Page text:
James: Nope. No idea what you’re talking about.

(it turned out to be a few mosquito bites)
I’m so thankful he doesn’t even remember nights when he couldn’t sleep for the itching.

James is headed for the teens quickly, growing like a weed, and becoming a wonderful young man. He is doing really well in math, still loves architecture and engineering, and Suzuki piano instruction. He still has an amazing capacity for patterns and in 6 months of piano instruction can play about 12 songs in almost any key you name. He has recently discovered a love of clay and molding figurines to order. He has finished Occupational Therapy for gross motor delays and has one reflex still not integrated. He has enjoyed playing baseball and soccer this spring. The biggest thing James accomplished this year was a week away from family at Summer Camp! He had to bring a cooler of food along, but he had a blast intertubing on the lake, ziplining through the forest and diving in the pool! Such a far cry from the 8yo who couldn’t make it through an hour with peers on his own…

My guess is that James will benefit from continuing GAPS foods for the majority of his diet, but that he won’t be limited strictly for too much longer. The only hesitation from moving on now is that for some kids (like myself) hormone levels and detox can get messy ages 12-14. We’ll have to navigate it one day at a time. So thankful for the wisdom of Dr. Natasha Campbell-McBride and GAPS!

GAPS Diet Anniversary

We spent our GAPS-Diet anniversary on vacation at the beach. Somehow it is hard to believe we have been grain-free for a whole year! The following is an abridged version of our one-year overview. Go here to the ‘Our Diet’ tab for the whole enchilada. Or if you have lots of time to read, go here for all our GAPS-SCD links.

We originally started GAPS for the health of James and I, but the other three have seen benefits too. Kent, Joel and Anna were never feeling sick, but they are healthier and stronger now for having gone through GAPS. In June, the three of them added potatoes back in without any trouble, so they are officially coming off GAPS gradually. Next will be sweet potatoes, fermented millet porridge, sourdough and eventually rice and sprouted grains (maybe by Christmas?!).

In the past 6 months, I have been able to discontinue blood pressure medication and daily antihistamines. For the past 20 years I have taken daily antihistamines to control my running nose. These are no longer necessary.

As a primary schoolteacher with a weak immune system, I was prone to getting colds and developing secondary infections every time. If only I had a dollar for everytime I was diagnosed with sinusitis or bronchitis (or both)! My second year teaching I think I took 12 different courses of antibiotics. I was on antibiotics more than half of that year! Ten years later, our GAPS journey has changed all that completely!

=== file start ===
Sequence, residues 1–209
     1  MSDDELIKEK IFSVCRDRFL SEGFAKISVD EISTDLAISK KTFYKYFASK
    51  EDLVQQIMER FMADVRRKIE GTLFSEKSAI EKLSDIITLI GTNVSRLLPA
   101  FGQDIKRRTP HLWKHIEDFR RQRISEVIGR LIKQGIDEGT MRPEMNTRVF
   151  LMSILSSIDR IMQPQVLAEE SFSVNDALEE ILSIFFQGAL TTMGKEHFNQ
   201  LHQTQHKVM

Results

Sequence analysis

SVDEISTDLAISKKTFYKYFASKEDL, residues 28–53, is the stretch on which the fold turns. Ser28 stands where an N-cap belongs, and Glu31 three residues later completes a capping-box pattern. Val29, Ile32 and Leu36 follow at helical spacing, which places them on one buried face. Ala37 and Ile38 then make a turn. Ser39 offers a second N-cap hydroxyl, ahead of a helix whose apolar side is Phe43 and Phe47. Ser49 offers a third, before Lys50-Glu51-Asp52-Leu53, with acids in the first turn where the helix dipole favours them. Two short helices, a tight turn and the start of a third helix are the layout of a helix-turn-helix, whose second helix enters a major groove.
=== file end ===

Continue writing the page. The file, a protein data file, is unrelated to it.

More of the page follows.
During our 2nd month on GAPS, I got a cold I couldn’t kick. As usual, it turned into bronchitis, and I took antibiotics as usual. The 5th month on GAPS, I got a cold and was able to fight it off a few days later without getting infected! (This had probably happened twice in my living memory.) The 9th month on GAPS I got a cold, but fought it off within 48 hrs. The 11th month on GAPS we traveled internationally (gets me every time!) and as expected, I got bronchitis a few days later. I doused myself in bone broth and slept lots. I upped my doses of probiotics and FCLO (fermented cod liver oil – in capsules!). And 8-10 days later it was gone! Finally I don’t have to be envious of people with an immune system!

The biggest gains in James’ healing happened in the first 4 mos. on GAPS. But the more subtle changes we see a year later are just as significant. He has very few Asperger’s meltdowns – maybe 1-2/mo. where they were daily or more often than that a year ago. He regained all his auditory processing in the first 2 mos. His allergies seem gone. He hasn’t needed antibiotics of any kind in 14 months. His sensory processing troubles with tactile under-responsiveness are gone, fading gradually over the past year. They have left in their wake a few gross motor issues we can now address (basically re-learning to keep your balance when you’ve been mostly numb for 4-5 yrs or longer). The last pieces of tactile numbness have faded in the past month or two.